The Company was formed as a result of a combination and merger of entities founded by the Company’s principal stockholder, Ralph Bartel. In 2002, Travelzoo.com Corporation was merged into Travelzoo Inc. Under and subject to the terms of the merger agreement, holders of promotional shares of Travelzoo.com Corporation (“Netsurfers”) who established that they had satisfied certain prerequisite qualifications were allowed a period of 2 years following the effective date of the merger to receive one share of Travelzoo Inc. in exchange for each share of common stock of Travelzoo.com Corporation. In 2004, two years following the effective date of the merger, certain promotional shares remained unexchanged. As the right to exchange these promotional shares expired, no additional shares were reserved for issuance. Thereafter, the Company began to offer a voluntary cash program for those who established that they had satisfied certain prerequisite qualifications for Netsurfer promotional shares as further described below.
Beginning in 2010, the Company became subject to unclaimed property audits of various states in the United States related to the above unexchanged promotional shares. The Company recorded charges for the estimated settlements with these states of $20.0 million, $3.0 million and $22.0 million in 2011, 2012 and 2013, respectively. In 2014, the Company released $7.6 million of the reserve related to the completion of settlements with the states.
Although the Company has settled the states' unclaimed property claims with all states, the Company may still receive inquiries from certain potential Netsurfer promotional stockholders that had not provided their state of residence to the Company by April 25, 2004. Therefore, the Company is continuing its voluntary program under which it makes cash payments to individuals related to the promotional shares for individuals whose residence was unknown by the Company and who establish that they satisfy the original conditions required for them to receive shares of Travelzoo.com Corporation, and who failed to submit requests to convert their shares into shares of Travelzoo Inc. within the required time period. This voluntary program is not available for individuals whose promotional shares have been escheated to a state by the Company, except those individuals for which their residence was unknown to the Company. The accompanying consolidated financial statements include a charge for payments under this voluntary program in general and administrative expenses of $1,000 for the three months ended March 31, 2016 .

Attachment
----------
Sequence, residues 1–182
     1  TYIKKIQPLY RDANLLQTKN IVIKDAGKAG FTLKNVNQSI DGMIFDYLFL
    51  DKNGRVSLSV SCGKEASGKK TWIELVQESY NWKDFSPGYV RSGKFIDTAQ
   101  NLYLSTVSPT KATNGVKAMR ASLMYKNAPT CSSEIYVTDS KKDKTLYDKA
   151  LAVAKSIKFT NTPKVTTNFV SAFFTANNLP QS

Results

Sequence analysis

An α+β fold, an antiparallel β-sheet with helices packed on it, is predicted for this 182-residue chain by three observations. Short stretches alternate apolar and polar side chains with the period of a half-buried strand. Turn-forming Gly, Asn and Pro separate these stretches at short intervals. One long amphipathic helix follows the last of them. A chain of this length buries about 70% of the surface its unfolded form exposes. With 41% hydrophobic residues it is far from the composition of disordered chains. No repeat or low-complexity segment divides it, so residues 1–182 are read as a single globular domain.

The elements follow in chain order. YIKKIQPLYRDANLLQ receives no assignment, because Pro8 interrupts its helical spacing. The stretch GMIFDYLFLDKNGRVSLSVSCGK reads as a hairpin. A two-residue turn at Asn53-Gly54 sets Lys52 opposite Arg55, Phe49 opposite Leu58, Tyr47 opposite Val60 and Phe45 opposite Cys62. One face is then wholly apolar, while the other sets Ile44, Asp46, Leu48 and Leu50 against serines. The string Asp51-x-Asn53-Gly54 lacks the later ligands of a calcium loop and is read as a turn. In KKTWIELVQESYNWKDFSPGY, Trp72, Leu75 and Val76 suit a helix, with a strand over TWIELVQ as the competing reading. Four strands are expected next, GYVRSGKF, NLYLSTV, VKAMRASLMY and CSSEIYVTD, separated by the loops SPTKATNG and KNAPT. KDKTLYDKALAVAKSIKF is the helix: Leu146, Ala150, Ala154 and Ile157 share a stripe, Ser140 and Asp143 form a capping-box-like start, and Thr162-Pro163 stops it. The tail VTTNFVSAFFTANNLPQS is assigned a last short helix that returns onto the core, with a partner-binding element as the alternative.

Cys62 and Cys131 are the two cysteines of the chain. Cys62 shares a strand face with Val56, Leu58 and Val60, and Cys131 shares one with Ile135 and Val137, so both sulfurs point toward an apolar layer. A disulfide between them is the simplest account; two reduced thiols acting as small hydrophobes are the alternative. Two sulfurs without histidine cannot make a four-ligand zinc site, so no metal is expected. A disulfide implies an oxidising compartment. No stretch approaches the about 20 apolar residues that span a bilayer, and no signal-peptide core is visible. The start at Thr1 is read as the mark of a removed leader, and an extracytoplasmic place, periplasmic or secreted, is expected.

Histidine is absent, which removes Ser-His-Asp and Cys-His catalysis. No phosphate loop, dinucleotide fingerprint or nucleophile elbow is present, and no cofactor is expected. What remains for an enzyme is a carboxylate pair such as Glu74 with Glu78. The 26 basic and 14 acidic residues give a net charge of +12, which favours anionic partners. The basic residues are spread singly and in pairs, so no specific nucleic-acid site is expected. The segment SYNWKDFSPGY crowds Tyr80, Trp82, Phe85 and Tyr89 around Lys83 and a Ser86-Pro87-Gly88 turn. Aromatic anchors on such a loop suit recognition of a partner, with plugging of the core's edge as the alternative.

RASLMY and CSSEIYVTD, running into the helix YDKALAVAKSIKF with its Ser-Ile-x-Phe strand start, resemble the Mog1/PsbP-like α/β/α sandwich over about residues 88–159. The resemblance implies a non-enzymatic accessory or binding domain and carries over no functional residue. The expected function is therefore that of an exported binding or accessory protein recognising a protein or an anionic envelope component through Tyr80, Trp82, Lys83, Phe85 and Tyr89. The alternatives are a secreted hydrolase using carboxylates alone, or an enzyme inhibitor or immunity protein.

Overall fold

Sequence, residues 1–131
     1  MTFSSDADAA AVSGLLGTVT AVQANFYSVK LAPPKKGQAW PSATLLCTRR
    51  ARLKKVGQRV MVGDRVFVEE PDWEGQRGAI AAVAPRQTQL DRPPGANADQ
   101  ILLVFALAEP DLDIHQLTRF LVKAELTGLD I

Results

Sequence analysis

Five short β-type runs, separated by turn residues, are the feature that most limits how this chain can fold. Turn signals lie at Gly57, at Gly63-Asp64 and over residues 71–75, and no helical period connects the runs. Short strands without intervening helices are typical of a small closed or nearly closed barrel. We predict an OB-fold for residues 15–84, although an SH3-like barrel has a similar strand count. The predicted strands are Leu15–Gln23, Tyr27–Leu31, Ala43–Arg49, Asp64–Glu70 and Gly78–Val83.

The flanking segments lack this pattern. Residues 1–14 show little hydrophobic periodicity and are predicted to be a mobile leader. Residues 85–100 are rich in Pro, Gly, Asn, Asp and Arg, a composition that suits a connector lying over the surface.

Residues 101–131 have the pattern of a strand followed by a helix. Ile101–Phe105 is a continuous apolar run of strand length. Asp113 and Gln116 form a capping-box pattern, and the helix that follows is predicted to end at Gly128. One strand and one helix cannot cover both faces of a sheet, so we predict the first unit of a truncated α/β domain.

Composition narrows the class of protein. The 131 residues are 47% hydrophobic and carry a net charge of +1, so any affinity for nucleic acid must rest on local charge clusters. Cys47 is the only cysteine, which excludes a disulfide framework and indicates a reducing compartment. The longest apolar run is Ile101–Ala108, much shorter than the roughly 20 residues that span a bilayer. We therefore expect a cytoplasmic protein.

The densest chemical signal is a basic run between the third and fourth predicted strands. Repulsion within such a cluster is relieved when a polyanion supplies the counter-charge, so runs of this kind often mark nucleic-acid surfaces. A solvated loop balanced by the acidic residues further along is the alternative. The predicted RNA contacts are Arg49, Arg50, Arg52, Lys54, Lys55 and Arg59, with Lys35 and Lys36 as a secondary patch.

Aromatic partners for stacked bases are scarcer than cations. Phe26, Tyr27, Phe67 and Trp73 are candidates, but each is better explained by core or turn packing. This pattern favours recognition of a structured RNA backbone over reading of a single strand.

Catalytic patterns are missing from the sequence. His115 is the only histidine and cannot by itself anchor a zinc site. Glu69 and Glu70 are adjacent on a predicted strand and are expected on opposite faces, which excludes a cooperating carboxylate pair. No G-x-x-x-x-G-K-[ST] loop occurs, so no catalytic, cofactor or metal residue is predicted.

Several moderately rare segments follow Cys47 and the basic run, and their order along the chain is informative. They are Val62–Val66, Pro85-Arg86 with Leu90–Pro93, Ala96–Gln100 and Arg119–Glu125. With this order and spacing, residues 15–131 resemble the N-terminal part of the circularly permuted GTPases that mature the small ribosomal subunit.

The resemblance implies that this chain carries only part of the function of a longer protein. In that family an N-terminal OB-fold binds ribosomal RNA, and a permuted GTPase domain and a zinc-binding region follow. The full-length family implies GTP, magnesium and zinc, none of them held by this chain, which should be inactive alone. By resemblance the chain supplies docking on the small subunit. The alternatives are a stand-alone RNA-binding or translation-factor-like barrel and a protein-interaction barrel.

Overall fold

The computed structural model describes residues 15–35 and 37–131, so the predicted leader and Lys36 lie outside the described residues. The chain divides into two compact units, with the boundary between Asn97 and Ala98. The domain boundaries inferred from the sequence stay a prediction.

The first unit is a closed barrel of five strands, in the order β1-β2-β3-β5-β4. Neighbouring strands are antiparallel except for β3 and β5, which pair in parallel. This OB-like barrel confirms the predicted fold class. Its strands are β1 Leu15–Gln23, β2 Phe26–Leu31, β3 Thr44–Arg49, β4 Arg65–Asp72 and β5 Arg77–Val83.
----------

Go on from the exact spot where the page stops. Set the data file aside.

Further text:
The total cost of this voluntary program is not reliably estimable because it is based on the ultimate number of valid requests received and future levels of the Company’s common stock price. The Company’s common stock price affects the potential liability because the amount of cash payments under the program is based in part on the recent level of the stock price at the date valid requests are received. The Company does not know how many of the requests for shares originally received by Travelzoo.com Corporation in 1998 were valid, but the Company believes that only a portion of such requests were valid. In order to receive payment under this voluntary program, a person is required to establish that such person validly held shares in Travelzoo.com Corporation.


49



Federal laws and regulations, such as the Bank Secrecy Act and the USA PATRIOT Act and similar foreign laws, could be expanded to include Local Deals and Getaways vouchers.